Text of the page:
Hidden Defects

PSP Légal’s affiliated construction jurists can advise you on the steps to take following the discovery of hidden defects.

Expertise / Construction and Real Estate Hidden Defects

Whether you’re the buyer of a property who has discovered hidden defects, or the seller of a property who has just been informed of the possibility that your former property may be affected by hidden defects, we’re here to help.

While many questions can be answered with the help of the guides, sample letters and forms in our legal toolkit, an independent jurist affiliated with PSP Legal will always be happy to help you by answering any questions you may have.

Of course, if you prefer to have an experienced practitioner take charge of your situation and intervene directly and quickly on your behalf, you can also request that one of the independent jurists affiliated with PSP Legal represent you by clicking here.

 

What are hidden defects?

The notion of latent defects is closely linked to the notion of the warranty of quality, also known as the legal warranty. This guarantee of quality is set out in articles 1726 to 1731 of the Civil Code of Quebec.  The aim of these rules is to ensure that the buyer enjoys the full utility of the goods sold. Consequently, when we invoke the notion of vice, the Civil Code defines it as a defect which renders the good unfit for the use for which it was intended, or which so diminishes its usefulness that the buyer would not have bought it, or would not have paid such a high price for it, if he had known about it.

To be covered by the legal warranty, the latent defect must be :

  1. serious
  2. unknown to the buyer
  3. hidden
  4. prior to the sale
  5. for the purposes of the buyer’s claim for damages, known or presumed to be known to the seller.
  6. brought to the attention of the seller in writing within a reasonable time of its discovery.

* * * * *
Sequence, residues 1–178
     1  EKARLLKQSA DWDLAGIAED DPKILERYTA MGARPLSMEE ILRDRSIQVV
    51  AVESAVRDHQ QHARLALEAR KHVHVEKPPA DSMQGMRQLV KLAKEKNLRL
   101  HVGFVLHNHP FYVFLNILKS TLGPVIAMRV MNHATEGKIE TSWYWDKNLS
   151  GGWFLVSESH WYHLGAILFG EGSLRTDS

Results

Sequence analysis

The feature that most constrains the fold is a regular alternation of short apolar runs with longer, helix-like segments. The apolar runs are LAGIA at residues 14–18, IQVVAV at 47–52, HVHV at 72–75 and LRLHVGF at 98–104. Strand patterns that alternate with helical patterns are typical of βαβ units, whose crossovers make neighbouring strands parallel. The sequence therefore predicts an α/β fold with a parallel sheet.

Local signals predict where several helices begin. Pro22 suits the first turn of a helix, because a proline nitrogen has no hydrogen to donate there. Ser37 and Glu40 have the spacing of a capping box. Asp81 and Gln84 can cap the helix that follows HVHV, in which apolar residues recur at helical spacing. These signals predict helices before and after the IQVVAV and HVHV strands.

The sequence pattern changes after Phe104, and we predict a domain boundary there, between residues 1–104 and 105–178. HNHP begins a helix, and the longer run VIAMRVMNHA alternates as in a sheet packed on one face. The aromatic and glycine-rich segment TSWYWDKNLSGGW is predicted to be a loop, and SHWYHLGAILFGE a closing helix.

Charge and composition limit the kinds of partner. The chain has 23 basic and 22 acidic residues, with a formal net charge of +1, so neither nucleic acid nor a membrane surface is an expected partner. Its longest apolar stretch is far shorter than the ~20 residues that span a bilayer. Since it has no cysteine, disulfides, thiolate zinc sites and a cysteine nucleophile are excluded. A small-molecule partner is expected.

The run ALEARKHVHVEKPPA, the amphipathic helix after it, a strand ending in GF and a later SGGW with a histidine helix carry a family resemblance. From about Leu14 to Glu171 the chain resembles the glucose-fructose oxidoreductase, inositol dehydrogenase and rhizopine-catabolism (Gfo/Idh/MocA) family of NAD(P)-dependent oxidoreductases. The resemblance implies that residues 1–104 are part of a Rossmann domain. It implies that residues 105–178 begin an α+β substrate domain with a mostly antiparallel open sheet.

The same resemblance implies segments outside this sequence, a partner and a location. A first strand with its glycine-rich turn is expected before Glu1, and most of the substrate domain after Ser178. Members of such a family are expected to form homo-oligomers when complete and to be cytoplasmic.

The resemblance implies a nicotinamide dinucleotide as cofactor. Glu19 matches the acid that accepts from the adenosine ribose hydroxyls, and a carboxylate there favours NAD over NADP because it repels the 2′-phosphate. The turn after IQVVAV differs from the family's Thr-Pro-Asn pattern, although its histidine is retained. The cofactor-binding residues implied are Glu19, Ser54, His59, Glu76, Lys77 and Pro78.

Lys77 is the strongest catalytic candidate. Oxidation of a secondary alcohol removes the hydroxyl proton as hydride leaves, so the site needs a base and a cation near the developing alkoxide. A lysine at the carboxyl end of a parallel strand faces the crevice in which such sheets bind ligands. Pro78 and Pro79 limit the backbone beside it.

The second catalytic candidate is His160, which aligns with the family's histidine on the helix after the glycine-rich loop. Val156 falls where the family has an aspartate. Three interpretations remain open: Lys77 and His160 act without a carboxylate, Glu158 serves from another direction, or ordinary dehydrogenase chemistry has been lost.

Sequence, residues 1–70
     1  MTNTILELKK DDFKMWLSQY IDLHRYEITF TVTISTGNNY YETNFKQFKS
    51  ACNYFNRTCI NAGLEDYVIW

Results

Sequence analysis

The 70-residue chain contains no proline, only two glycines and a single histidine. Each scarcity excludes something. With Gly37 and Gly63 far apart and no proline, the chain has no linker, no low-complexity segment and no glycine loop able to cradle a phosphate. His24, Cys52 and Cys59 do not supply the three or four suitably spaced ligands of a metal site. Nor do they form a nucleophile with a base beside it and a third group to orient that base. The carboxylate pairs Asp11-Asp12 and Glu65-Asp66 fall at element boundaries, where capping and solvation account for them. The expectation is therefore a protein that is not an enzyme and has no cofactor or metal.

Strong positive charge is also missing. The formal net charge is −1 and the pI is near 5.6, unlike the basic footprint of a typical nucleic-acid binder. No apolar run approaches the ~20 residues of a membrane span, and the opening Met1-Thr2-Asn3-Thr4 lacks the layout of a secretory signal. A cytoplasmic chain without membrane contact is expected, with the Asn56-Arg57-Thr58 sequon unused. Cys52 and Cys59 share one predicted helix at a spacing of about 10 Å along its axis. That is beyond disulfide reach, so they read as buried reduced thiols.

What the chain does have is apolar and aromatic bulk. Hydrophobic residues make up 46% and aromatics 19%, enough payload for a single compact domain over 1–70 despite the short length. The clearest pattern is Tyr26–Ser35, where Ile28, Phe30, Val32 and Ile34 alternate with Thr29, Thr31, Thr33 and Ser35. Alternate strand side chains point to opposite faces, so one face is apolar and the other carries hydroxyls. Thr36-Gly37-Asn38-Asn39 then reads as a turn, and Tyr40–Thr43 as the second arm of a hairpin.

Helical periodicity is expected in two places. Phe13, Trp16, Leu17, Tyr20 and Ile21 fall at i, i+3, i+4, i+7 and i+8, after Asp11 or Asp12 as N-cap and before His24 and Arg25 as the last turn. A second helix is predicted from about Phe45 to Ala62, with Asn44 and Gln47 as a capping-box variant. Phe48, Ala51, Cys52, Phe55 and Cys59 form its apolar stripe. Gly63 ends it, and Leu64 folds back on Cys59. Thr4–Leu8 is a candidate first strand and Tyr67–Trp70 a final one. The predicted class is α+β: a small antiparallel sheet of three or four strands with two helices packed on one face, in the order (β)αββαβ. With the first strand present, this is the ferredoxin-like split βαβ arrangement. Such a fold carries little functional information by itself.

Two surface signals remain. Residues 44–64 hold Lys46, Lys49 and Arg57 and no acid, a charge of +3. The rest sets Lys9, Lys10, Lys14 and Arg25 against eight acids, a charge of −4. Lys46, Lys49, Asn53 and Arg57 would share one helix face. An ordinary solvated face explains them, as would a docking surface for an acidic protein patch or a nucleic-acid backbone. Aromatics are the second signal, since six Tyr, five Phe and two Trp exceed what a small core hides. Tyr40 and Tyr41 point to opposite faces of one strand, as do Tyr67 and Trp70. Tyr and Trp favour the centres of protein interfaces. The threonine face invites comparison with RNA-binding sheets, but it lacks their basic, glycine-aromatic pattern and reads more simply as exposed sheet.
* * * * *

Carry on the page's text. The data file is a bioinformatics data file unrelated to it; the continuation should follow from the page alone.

For a more exhaustive definition of the legal warranty, visit éducaloi.

 

What the buyer can obtain in the event of hidden defects

The legal warranty generally entitles the buyer of an immovable affected by latent defects to obtain, in particular :

  1. a reduction in the price of the property
  2. reimbursement of the cost of renovations carried out to repair the defect
  3. reimbursement of the cost of expert appraisals to better determine the causes and effects of the defect
  4. compensation for loss of enjoyment of the property due to the defect
  5. in some cases, resolution of the sale to return the property to the seller and obtain reimbursement of the sale price.

If you are the buyer of a property who has recently discovered hidden defects, you must share your discovery with the seller as soon as possible. This is called a notice of hidden defects. This notice must enable the seller to come and observe the alleged hidden defect before proceeding with corrective work. Otherwise, if you carry out the work without first notifying the seller, you run the risk of losing your recourse.

 

Rights and obligations of the seller

First of all, the seller is generally not liable for defects that are apparent. Apparent defects are those that are visible and revealed by a simple examination of the building. These cannot be considered hidden defects, since they would be easily observed by a serious, attentive and prudent buyer.

However, a seller who is aware of the existence of defects affecting his property must disclose them to the potential buyer. In other words, the seller must not lie or fail to disclose the existence of a defect.

Finally, if the seller receives a notice of denunciation from the buyer, the latter must offer the seller a real opportunity to come and observe the alleged defects, so that he can make his own appraisal if necessary. The seller can then propose that the buyer carry out the work at his own expense, or negotiate an amicable settlement. If such a settlement is not possible, the parties can always appeal to the legal system.

 

How we can help

Our legal toolkit includes a variety of online resources and links to templates and guides to help you better understand your obligations.

However, should the Legal Toolkit prove insufficient in your situation, you can obtain additional assistance by speaking with one of PSP Legal’s affiliated jurists:

Of course, if you prefer to have an experienced practitioner handle your situation, you can always request that one of the independent jurists affiliated with PSP Legal intervene on your behalf by clicking here. He or she will then be able to intervene directly and rapidly on your behalf by:

  • Preparing, negotiating and drafting applications, procedures or any other legal documents related to your situation;
  • Assisting and advising you on your legal rights and obligations;
  • Representing you before the courts when legal action is taken;
  • Guiding you through the choices available to you, leading to a fair and satisfactory solution.

 

PSP Legal, because you deserve expert advice!

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